The Grade I-listed National Trust property near Wakefield has always been a 'local' country house, with the majority of its visitors living within a half-hour drive away. Its staff have eschewed the commercial gains of mass market events such as music festivals, preferring to offer a bespoke experience for the loyal customers who consider Nostell to be part of their families' lives.
Now, they're looking to the future by tapping into social trends and the demands and expectations of a younger audience.
The National Trust have formed links with Wakefield's growing arts scene, collaborating with the Hepworth Gallery to run an events programme that wouldn't look out of place in Shoreditch or Brighton.
Their adults-only Nostell Nights events offer visitors the chance to go behind the scenes and explore rooms usually out of bounds to the public - including the bedrooms slept in by the Winn family until the 1980s, the servants' quarters in the attic and the cellars - while enjoying a DJ set, workshops with local artists, artisan food, a pop-up bar and gin tasting.
The restored kitchen garden, which opened in 2012, now supplies the cafe, and the chefs and gardeners have harnessed the growing interest in 'no-miles meals' to run tours where they give advice on homegrown produce.
Senior marketing manager Jess Ambery Smith and her colleagues are working to raise the profile of Nostell - which also has 300 acres of parkland to explore - and attract visitors from further afield.
"At the moment our visitor base is very local. We have a lot of dog walkers, cyclists, a Parkrun - there is plenty for everyone here. The house has a world-class collection of Thomas Chippendale furniture, there are over 100 pieces and they're all still in their original locations.
"Visitor numbers are continually increasing but we want people to really engage with the story of Nostell. It was owned by the Winn family from the 1600s and they only employed the best people to design their treasure house.
"There are so many country houses in Yorkshire, but we have everything a stately home can offer. In terms of location, we are a little bit further away from other big houses, but we want more people to make the trip."
The September 27 edition of Nostell Nights will see the North Bedrooms, where the Winn family lived until they handed their ancestral seat to the National Trust, open after hours, while the Christmas event, All That Glitters, will allow guests a preview of the house's Christmas decorations - home-made by some of the 250 volunteers - before general opening the following day.
"People love going behind the scenes, especially our Upstairs Downstairs tours, which include the attics where the servants slept. There is a lot of interest in the below-stairs stories now - it's a bit of a Downton Abbey effect."
Activities are usually rooted in the Nostell spirit - for Halloween there are campfire tales about the house, while Apple Week and Pumpkin Week, the highlights of the autumn programme, shine a light on the orchards and gardens on the estate. Visitors can even bring apples from their own gardens to be identified by Nostell's experts.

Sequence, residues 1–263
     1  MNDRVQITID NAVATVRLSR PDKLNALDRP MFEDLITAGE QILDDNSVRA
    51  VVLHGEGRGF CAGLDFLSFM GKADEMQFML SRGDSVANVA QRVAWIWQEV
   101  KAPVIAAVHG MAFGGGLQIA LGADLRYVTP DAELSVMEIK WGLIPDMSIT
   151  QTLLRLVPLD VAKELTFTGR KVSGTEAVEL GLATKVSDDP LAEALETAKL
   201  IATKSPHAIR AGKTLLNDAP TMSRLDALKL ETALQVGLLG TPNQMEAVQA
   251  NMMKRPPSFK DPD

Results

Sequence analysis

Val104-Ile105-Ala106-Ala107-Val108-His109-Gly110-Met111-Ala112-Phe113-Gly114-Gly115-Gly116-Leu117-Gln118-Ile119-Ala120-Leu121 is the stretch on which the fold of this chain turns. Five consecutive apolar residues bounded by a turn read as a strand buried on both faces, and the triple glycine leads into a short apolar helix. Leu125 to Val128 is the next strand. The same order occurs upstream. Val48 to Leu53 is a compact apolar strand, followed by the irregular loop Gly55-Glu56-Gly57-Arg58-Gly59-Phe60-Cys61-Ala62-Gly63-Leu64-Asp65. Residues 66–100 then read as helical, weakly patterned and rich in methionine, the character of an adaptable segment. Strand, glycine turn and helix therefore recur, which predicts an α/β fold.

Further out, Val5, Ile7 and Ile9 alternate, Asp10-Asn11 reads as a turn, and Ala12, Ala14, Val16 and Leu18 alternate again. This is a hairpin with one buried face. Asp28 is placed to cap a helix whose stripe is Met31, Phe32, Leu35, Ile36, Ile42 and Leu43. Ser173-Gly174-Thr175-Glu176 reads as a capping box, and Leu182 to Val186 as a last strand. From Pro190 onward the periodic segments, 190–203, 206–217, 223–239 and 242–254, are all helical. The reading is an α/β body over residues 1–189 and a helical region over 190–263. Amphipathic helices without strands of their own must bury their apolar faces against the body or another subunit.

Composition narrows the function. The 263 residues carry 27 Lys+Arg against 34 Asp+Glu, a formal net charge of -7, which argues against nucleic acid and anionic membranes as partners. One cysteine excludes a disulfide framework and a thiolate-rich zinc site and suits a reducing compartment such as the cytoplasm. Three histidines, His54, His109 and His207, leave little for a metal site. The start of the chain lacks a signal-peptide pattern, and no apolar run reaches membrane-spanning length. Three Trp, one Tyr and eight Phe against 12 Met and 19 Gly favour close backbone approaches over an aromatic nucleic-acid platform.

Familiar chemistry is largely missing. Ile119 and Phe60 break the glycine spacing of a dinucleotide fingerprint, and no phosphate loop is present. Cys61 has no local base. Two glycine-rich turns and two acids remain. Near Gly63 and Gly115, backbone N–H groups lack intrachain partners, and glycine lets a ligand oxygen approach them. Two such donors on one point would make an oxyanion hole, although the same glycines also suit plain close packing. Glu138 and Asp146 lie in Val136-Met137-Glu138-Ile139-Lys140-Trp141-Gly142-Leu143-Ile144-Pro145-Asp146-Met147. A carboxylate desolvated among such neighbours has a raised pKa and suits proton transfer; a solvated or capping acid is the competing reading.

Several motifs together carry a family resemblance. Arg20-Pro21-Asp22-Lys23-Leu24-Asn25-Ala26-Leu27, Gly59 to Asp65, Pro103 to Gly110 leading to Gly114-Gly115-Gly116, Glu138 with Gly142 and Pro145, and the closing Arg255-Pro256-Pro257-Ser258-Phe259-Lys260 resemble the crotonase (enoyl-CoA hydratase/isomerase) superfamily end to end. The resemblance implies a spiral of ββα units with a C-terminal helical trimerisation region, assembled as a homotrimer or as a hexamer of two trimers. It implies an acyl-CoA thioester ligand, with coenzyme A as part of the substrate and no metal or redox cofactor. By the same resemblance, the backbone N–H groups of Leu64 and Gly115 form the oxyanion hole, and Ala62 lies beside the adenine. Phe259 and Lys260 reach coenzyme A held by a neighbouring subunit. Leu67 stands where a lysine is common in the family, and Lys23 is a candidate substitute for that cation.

In the build-up to Christmas and during the winter months, when the house is closed to the public (the grounds remain open all year round), there are 16 different craft workshops with local artists, covering skills from willow-weaving to silver clay jewellery-making.
While Christmas itself sees the house decorated in homespun style, Santa in his grotto and a trail in the gardens laid for families to follow. Although Nostell does not offer the high-budget, choreographed festive entertainment of other country house attractions, its more affordable and welcoming appeal is entrenched among generations of local visitors.
"Our USP is that our volunteers make the decs themselves, and they're inspired by our collections. We also open on December 23 and Christmas Eve, which is quite unusual for a house.
"People tell us that their families have been coming to Nostell at Christmas for two or three generations, and that it's part of their festive experience."
Despite the support of the National Trust, Nostell does face challenges as it attempts to balance the conservation of its collections and modern customer demands.
‘As a conservation charity, looking after this special place so as many people as possible can enjoy it is our key priority. For example, visitors often notice that the house is dark, as our conservation team keep light to a level that will protect the collections from too much exposure, which otherwise can cause significant damage to textiles in particular.
"There is an expectation that people will be able to see everything and that we are open all of the time, but we don't have the capacity to let people into all areas of the house, and we have to close during winter so that key conservation work can take place.
"We have had large-scale events like music concerts and steam rallies in the past, we have to balance our events programme with the conservation of the historic parkland, as having lots of people in a concentrated area can cause damage. We’d love our visitors to keep coming back to Nostell to enjoy the whole experience again and again, including the house, gardens and parkland. We would rather people engaged with Nostell instead and felt connected to the house. We want to build longer-term relationships."
There is free entry to Nostell Priory for all visitors on Friday September 20 and Saturday September 21 as part of the Heritage Open Days festival. Admission fees apply at other times. National Trust members are entitled to free year-round entry .